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Thank you, Charlie

Progressive Dairyman Editor Peggy Coffeen Published on 31 December 2015

Though I live only a short drive from Lambeau Field, home of the Green Bay Packers, my most recent visit there wasn’t to cheer on Aaron Rodgers. It was for the Alltech Dairy School.

For those who bleed green and gold, the highlight of the meeting was probably hearing a keynote address from former Packer William Henderson; but for me, the most powerful speaker of the day was Charlie Crave.



Perhaps you’ve heard his name before. Charlie and his brothers run a successful 1,500-cow dairy near Waterloo, Wisconsin, with an on-site facility for crafting their very own Crave Brothers Farmstead Cheese. They’ve received plenty of awards for their world-renowned cheeses, high-producing Holstein herd and stewardship and sustainability efforts.

As Charlie discussed his family’s business, he emphasized the importance of being involved in the community, particularly through programs like 4-H. Though his own children are grown and his grandchildren aren’t yet of age, Charlie continues to volunteer on all levels – from local club meetings to chaperoning international trips.

He joked, “I need to go to another meeting like I need a hole in my head.”

I quietly laughed to myself at this comment, thinking of how inconvenient those extra meetings can seem. I confess there are times before a weeknight meeting when my attitude turns sour as I think about my undone to-do list and question if it is really worth my time to go to one more meeting. But Charlie’s next statement hit me smack-dab in my heart.

“But I do it because I know I have a gift to offer …” he explained. As Charlie went on to describe how he shares his skills to develop young leaders by volunteering his time and talent, I suddenly remembered that I was one of them.


The first time I met Charlie, I was 15 years old. Fresh off the farm, I had hardly traveled farther than our gravel driveway, but I was boarding a bus full of other teenagers whom I had never met before and heading half-way across the country on a tour of historic cities of the eastern U.S. It was called the 4-H American Spirit Trip, and Charlie was the token male adult chaperone.

Over seven days, I took part in the experience of a lifetime. We went whale watching and ate lobster in Gloucester, strolled through New York City’s Central Park, traced the steps of our forefathers on the Freedom Trail and felt the splash in our faces of Niagara Falls. At that time, we were still able to climb up into the Statue of Liberty’s torch.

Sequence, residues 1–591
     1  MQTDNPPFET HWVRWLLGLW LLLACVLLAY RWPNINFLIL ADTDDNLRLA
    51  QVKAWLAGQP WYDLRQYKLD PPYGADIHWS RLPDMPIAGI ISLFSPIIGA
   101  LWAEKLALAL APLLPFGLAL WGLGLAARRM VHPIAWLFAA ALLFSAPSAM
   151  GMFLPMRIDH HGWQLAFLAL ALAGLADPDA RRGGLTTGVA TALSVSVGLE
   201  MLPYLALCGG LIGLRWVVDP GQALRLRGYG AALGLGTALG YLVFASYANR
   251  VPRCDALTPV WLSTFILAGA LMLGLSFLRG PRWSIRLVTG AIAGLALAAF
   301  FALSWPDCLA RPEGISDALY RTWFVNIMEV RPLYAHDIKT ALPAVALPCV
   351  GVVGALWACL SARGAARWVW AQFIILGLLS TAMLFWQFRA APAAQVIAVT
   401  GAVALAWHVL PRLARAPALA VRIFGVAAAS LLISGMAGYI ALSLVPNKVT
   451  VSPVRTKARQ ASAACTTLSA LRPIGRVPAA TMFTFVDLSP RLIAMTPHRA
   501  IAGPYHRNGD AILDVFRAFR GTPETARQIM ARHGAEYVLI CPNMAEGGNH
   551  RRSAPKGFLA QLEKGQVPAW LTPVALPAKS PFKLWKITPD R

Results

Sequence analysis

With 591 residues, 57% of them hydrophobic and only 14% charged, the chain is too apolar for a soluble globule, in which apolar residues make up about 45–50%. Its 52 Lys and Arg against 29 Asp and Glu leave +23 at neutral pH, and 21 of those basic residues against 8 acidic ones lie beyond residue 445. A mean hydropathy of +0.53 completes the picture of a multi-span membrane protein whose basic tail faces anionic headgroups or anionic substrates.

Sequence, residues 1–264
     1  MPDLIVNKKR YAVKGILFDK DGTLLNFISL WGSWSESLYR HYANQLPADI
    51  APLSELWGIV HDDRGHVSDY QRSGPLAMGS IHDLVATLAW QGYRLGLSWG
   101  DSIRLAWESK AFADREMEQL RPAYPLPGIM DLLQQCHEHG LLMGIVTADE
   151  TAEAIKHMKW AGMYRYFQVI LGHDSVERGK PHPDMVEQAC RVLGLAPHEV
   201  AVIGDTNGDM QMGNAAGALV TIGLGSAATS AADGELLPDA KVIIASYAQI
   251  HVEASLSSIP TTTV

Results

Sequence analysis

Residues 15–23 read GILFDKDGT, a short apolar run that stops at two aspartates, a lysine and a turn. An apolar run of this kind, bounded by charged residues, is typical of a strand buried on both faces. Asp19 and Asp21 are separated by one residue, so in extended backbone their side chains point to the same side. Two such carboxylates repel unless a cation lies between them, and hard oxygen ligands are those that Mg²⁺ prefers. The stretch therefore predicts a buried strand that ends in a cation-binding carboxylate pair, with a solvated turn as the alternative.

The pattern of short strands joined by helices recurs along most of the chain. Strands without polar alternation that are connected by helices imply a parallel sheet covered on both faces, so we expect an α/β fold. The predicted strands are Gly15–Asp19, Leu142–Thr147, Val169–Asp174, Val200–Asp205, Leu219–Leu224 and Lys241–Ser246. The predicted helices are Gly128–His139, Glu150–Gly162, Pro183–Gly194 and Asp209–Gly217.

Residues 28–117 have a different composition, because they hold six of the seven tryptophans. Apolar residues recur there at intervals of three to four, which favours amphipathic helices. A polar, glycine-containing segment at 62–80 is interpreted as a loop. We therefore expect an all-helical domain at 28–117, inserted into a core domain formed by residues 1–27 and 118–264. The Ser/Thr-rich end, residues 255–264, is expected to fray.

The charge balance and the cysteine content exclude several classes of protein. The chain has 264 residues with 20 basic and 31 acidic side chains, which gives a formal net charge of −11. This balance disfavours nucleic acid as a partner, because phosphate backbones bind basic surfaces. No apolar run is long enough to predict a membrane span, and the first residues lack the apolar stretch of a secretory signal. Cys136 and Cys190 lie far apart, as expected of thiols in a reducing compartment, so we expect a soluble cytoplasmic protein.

That trip was a significant milestone in my development as a young leader, forcing me to step outside of my comfort zone to make friends and embrace a new level of independence. For a kid like me, I never would have had the opportunity to visit those places or grow in that way had it not been for volunteers like Charlie.

My family didn’t take vacations, let alone miss a milking for anything other than the Wisconsin State Fair once a year. When Charlie gave his time to voluntarily spending several days on a bus with a bunch of teenagers, he was really doing so much more; he was giving many of us the experience of a lifetime.

A year or two after the American Spirit Trip, my path crossed with Charlie’s again. This time, he was a chaperone for the National 4-H Dairy Conference. Again, there he was, stepping away from his duties on the farm and at home to give youth like me the chance to learn and grow.

But I was just one kid; it’s not inaccurate to estimate that Charlie has impacted hundreds, if not thousands, of others over the years with the gift of his time.


Since I probably never said it as a teenager, I am going to say it now: “Thank you, Charlie.” Thanks for embracing the call to serve others. Thanks for putting up with a bunch of moody, hormonal teenagers. Thanks for treating each one of us like we were someone special.

But most of all, thanks for reminding me that now it is my turn to give back and to face those meetings and volunteer activities with a smile because there just might be a kid like me who needs a “Charlie” to give them a chance.

So, think about the people who have helped you – the 4-H leaders, teachers, mentors – and give them that long-overdue “thank you.” And don’t forget that the next generation of dairy leaders needs you to be a “Charlie” too!  PD

peggy coffeen
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